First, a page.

Aside from an hourlong meeting with moderate Republican Rep. Christopher Shays of Connecticut, an impeachment opponent who had recently been wavering, Clinton proceeded with his presidential duties as if it was just another day in the Oval Office.

He monitored damage reports from the U.S. air strikes against Iraq, worked on the budget, conferred with a European Union delegation and met with his AIDS council.

The only thing that distinguished his schedule, in fact, was unusually limited media access to his two official events.

According to Lockhart, Clinton watched only "a moment or two" of the House debate yesterday between his scheduled meetings and reported to his press secretary that he was in a "very good" mood -- the result, Clinton said, of seven hours of sleep Thursday night, the Christmas season and the fact that no harm had come to any of the U.S. forces deployed in Operation Desert Fox.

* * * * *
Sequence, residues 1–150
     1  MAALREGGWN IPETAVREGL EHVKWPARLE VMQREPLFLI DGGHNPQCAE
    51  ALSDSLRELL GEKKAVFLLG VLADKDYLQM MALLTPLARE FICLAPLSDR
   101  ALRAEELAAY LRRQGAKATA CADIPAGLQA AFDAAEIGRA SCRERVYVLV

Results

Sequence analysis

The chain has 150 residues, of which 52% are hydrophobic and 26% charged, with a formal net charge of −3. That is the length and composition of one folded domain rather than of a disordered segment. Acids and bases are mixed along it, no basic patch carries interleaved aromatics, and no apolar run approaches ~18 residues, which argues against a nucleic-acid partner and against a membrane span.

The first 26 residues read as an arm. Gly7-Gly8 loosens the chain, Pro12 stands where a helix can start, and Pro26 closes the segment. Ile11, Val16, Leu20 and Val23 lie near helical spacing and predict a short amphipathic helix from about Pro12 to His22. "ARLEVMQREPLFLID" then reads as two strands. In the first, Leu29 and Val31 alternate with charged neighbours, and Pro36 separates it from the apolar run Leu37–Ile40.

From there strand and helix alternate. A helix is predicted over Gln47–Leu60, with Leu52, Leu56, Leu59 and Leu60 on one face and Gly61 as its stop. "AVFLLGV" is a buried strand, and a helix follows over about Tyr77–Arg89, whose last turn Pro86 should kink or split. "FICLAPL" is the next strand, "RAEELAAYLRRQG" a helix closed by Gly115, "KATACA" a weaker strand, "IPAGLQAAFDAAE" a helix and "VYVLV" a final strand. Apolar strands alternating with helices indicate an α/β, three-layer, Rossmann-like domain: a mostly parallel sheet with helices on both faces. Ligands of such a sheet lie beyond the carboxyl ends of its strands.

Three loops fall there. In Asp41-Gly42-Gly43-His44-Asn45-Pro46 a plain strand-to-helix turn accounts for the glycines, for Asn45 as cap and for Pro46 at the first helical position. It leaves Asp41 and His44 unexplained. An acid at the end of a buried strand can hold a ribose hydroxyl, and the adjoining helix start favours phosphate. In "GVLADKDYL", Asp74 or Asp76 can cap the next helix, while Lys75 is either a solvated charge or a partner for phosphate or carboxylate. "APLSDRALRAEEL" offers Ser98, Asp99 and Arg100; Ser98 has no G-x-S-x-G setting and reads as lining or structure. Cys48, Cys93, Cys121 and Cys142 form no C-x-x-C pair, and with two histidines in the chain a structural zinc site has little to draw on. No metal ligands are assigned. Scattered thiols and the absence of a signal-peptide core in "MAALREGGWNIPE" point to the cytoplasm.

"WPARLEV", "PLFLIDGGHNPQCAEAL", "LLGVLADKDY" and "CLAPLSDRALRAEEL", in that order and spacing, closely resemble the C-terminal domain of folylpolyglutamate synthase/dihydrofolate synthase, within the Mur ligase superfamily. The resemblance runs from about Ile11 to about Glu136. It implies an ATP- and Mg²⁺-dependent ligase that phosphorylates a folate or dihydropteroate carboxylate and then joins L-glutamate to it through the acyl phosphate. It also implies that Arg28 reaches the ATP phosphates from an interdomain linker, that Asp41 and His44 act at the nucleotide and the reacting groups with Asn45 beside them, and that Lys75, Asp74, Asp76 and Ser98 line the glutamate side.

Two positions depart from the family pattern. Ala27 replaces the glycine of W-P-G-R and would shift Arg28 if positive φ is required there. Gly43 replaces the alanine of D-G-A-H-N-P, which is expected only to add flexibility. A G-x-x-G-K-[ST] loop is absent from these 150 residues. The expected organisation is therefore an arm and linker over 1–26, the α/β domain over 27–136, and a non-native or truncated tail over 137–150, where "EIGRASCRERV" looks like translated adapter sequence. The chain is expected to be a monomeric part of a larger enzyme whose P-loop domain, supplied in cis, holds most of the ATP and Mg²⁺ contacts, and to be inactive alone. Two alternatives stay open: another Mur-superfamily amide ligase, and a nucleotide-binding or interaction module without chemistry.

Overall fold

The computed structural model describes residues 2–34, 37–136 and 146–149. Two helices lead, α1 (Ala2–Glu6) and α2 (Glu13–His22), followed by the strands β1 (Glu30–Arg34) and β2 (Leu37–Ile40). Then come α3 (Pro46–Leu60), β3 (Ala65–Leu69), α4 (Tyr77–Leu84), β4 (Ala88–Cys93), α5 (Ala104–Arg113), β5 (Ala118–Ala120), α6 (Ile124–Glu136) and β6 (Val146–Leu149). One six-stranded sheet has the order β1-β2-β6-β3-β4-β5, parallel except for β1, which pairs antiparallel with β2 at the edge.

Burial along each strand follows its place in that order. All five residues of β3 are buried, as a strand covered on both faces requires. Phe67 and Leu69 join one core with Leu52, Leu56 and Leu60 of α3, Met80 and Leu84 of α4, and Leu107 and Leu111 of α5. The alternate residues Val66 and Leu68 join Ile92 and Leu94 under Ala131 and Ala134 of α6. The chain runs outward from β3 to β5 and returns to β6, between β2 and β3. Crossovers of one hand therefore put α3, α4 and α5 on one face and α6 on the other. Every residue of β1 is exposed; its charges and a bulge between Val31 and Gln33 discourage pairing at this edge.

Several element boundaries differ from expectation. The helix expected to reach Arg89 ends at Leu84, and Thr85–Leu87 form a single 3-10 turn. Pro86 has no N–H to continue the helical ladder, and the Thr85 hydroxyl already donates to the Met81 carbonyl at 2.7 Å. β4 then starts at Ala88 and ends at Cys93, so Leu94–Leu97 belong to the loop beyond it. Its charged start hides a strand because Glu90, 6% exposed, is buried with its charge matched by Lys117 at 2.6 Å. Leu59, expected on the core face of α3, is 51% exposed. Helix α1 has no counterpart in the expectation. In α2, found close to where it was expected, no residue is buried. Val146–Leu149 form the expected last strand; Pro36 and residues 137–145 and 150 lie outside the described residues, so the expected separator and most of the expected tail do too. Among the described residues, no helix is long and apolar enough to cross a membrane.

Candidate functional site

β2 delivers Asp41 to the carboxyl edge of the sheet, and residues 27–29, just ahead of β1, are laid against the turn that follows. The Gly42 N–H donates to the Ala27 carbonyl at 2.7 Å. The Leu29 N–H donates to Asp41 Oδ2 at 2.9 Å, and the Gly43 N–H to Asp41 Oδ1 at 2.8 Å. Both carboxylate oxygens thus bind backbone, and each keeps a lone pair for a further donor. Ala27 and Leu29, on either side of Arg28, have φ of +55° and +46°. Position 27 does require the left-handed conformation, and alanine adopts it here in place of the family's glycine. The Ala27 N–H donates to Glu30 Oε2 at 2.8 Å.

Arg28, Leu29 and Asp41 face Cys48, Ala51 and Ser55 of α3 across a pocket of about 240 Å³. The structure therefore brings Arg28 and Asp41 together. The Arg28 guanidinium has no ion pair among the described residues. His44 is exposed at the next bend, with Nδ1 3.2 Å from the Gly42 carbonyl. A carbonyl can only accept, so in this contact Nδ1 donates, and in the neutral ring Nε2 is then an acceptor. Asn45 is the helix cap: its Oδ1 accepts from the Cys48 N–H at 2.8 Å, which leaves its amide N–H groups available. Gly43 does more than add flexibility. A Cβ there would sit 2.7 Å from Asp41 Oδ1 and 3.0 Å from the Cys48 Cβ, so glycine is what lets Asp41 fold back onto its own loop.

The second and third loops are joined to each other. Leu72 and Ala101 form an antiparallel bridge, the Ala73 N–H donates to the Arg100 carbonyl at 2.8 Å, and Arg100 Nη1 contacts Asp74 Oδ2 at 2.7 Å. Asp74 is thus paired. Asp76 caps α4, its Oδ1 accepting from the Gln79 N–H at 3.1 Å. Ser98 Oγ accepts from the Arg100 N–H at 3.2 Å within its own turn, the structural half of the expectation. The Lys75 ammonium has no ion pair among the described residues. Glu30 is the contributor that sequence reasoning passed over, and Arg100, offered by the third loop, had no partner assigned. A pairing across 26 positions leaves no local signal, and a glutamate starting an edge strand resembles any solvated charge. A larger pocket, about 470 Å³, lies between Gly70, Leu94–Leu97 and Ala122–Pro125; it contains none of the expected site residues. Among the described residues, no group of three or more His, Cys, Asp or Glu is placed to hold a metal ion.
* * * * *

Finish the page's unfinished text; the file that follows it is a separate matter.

But while the president hunkered down in private sessions, not expected to make a public appearance until after the historic House vote on his fate, others made last-minute appeals to the nation on his behalf.

Hillary Clinton delivered a few carefully measured remarks yesterday, imploring the country to "end divisiveness."

"As we celebrate Christmas and Hanukkah and Ramadan -- and at a time for reflection and reconciliation among people -- we in our country ought to practice reconciliation and we ought to bring our country together," she said, when asked by reporters if she'd like to comment on the impeachment debate. "We ought to end divisiveness because we can do so much more together."

As the impeachment picture has looked increasingly bleak for the president, Clinton's allies have turned their attention to the Senate, which would proceed with a trial if the House approves at least one of the four articles of impeachment.